Protecting workers is always in fashion… and when you’ve been keeping workers safe for more than 70 years, you find that there are some basics that never go out of style. The basic approaches work because they are provide a sound foundation – simple and sometimes overlooked – but effective nonetheless.
Recently, there has been much in the news about concerns over breathing silica dust. Arbill feels it’s important to share this information to alert the many workers that come in contact with this substance.
Though we’re coming off a pretty mild winter in the Mid-Atlantic Region, there is much excitement and anticipation about the warmer months ahead. For some workers, however, rising temperatures can be challenging. And depending on the type of work you do, and the equipment that you wear, heat can be the catalyst for a serious injury.
I’m always excited when a new employee starts at Arbill. We plan in advance to welcome the employee and make sure he/she meets with key people and learns the ropes from our experienced staff. It’s also important that all new employees -- in every area of the company --understands from day one that we are a safety company. Nothing is more important than keeping workers safe.
Foot injuries can be quite painful… and costly. They can sideline a worker or a team and add
tremendous cost to your bottom line. Millions of dollars are spent by employers every year due to foot injuries. Protecting the feet of your workers makes a lot of sense. Here’s why….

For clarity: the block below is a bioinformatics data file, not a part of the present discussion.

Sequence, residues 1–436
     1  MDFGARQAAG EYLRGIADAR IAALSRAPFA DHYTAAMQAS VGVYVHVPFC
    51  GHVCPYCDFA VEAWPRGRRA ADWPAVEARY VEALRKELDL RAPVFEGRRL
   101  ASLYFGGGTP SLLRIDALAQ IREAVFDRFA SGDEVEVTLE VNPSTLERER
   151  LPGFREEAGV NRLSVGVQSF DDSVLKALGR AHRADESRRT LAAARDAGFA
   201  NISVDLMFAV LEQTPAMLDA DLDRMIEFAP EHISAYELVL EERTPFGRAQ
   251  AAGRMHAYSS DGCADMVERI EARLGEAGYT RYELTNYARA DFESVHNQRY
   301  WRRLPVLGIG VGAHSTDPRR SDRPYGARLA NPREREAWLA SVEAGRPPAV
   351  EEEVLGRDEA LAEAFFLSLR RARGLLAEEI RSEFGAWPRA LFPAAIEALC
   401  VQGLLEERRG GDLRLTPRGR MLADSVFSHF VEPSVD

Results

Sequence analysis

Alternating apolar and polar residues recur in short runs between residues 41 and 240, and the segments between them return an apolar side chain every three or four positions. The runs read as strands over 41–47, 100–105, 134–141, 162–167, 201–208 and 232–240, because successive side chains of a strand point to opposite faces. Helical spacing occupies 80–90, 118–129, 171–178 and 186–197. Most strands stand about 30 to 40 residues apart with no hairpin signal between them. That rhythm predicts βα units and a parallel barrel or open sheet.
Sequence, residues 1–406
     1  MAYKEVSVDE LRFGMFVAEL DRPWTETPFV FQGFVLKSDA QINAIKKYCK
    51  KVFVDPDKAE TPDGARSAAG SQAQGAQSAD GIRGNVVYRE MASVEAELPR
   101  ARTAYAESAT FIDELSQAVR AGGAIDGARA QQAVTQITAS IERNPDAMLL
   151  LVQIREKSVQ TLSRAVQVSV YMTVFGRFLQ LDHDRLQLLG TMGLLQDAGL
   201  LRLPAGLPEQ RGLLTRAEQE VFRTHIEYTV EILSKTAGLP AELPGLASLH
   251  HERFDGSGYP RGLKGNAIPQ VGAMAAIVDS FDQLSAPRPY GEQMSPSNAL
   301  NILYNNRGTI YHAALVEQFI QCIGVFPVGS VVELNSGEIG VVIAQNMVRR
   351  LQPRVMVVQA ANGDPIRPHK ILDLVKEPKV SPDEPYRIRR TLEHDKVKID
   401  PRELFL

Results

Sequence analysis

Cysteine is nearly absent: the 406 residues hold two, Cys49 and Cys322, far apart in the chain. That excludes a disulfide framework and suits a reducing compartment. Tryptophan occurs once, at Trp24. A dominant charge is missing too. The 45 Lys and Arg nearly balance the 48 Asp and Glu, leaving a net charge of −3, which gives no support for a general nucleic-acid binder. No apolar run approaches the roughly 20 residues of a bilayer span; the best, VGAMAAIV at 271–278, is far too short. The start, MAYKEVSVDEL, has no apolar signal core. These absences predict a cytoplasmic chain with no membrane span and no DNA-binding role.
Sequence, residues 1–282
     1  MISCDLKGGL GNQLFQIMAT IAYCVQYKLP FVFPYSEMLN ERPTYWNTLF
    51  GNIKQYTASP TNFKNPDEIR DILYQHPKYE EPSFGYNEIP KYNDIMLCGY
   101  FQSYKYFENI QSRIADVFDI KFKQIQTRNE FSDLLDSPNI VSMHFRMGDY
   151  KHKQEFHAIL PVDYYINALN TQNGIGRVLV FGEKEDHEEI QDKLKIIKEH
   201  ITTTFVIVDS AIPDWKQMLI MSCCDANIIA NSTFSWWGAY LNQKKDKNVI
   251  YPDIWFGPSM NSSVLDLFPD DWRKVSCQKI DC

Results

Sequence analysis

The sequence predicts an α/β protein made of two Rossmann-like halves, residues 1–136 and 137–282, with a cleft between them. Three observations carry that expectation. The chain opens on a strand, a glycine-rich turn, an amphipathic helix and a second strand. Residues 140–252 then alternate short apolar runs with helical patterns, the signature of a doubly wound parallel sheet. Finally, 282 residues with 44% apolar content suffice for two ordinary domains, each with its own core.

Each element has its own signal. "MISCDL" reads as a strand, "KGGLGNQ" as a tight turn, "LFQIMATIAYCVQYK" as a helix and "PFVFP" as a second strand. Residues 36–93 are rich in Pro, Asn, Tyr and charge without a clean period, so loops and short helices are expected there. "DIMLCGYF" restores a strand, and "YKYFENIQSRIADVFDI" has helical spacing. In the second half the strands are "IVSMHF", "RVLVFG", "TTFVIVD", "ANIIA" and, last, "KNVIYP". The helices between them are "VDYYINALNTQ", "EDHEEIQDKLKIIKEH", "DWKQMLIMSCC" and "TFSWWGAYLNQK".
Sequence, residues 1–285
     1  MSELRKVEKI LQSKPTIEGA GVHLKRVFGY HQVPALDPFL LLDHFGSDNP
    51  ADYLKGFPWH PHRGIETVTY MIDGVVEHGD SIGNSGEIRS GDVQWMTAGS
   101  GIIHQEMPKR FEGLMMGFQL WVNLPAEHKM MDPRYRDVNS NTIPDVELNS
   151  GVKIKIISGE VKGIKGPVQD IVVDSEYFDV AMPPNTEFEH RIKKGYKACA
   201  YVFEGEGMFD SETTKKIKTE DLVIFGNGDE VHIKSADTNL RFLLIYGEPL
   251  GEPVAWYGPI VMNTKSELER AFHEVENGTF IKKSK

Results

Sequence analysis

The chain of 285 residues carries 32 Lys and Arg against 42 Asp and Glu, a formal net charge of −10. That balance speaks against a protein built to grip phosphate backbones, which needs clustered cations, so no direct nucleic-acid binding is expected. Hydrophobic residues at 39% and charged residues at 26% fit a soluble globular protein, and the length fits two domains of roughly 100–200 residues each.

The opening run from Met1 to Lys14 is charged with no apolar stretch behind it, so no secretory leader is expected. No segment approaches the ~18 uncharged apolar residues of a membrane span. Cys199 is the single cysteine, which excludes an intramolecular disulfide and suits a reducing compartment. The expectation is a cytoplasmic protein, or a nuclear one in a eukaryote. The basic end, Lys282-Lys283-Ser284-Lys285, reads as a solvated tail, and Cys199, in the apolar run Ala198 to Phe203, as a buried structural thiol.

I read a news posting last week about an electrician who plunged to his death while working on a Los Angeles skyscraper. The article shared that he was not supposed to be above the third floor and had removed his hard hat before falling 53 floors, construction company officials said.
Let’s focus on eye protection. It’s clear to me that some employers get it. They provide the proper training and use of protective eyewear.
Unfortunately, the injury statistics tell us that so many employers don’t get it, which puts their employees (and their bottom line) at risk.
It was recently reported that employees of Lake Compounce Family Theme Park who sprayed coatings on park equipment and worked with caustic chemicals in the park's paint room were exposed to chemical, burn and respirator hazards. Inspectors cited the Bristol, Connecticut facility for 18 serious violations of workplace safety standards.